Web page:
“You're going to win majors and you're going to lose majors, but you've got to be willing to lose them,” Rose figured following the final round. “You've got to put yourself out there. You've got to hit the top of the leaderboard. There's a lot of pressure out there and if you're not willing to enjoy it, then you're not ready to win these tournaments. I loved it out there.”

Few have made losing look so dignified and fewer still are as easy to root for.



Half-Empty Cup. It was the perfect setting, with sweeping views of the Manhattan skyline and the promise of the Tristate masses descending on this fall’s Presidents Cup.

If only all those rowdy New Yorkers had something to cheer.

For the sixth time in the last seven matches, the U.S. team rolled to a victory of at least three points. This particular edition was even in danger of ending on Saturday afternoon thanks to a particularly dominant performance by a young American squad led by Steve Stricker.

Officials spoke of the purity of the competition and the attention the ’17 cup generated, but however you spin the 19-11 rout, this cup is half empty.



Enigma Award. The actual hardware is simply an oversized question mark and was sent directly to Tiger Woods’ South Florida compound following the most curious of seasons.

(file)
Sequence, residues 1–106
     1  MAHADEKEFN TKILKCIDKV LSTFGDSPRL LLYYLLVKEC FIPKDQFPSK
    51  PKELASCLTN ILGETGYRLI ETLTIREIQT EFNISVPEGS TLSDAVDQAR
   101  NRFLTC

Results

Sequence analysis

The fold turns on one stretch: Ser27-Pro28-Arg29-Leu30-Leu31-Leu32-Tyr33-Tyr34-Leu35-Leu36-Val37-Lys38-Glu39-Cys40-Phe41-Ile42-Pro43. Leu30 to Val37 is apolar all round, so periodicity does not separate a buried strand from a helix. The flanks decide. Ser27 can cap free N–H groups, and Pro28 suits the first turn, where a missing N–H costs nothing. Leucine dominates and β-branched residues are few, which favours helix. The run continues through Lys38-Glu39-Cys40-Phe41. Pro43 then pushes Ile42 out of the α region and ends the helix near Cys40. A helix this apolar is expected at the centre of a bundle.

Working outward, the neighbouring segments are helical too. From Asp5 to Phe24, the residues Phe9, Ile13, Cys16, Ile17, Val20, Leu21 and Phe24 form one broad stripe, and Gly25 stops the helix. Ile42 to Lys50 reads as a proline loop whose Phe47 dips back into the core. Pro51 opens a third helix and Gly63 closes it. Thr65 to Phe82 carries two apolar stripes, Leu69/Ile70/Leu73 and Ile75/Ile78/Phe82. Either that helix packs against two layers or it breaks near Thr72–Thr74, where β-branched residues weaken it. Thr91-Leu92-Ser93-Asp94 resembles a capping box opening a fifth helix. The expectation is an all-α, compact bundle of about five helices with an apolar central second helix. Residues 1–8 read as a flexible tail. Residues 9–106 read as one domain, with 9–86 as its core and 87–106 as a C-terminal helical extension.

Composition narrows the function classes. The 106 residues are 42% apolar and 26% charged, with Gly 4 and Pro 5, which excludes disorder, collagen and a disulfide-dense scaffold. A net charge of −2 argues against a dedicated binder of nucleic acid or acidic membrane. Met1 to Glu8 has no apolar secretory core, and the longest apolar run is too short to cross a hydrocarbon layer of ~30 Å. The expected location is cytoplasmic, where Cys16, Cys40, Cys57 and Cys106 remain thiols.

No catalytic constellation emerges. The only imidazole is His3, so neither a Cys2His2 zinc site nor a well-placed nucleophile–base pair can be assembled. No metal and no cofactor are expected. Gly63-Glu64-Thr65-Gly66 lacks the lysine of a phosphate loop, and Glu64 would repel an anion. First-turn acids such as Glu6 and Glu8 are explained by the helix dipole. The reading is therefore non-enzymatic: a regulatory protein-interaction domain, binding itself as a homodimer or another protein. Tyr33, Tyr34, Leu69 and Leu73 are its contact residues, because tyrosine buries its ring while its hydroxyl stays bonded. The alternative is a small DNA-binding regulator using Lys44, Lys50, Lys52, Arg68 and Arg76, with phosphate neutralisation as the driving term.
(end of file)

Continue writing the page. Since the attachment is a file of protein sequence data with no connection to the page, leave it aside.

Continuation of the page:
While it’s become customary in recent years to consider the uncertain path that awaits the 14-time major winner, this most recent calendar brought an entirely new collection of questions following fusion surgery on his lower back in April, his arrest for DUI on Memorial Day and, finally, a glimmer of hope born from his tie for ninth at the Hero World Challenge earlier this month.

When will he play again? Can he compete against the current generation of world-beaters? Can his body withstand the rigors of a full PGA Tour schedule? Should Jim Furyk make him a captain’s pick now or wait to see if he should be driving a vice captain’s golf cart instead?

Little is certain when it comes to Woods, and the over-sized question mark goes to ... the guy in red and black.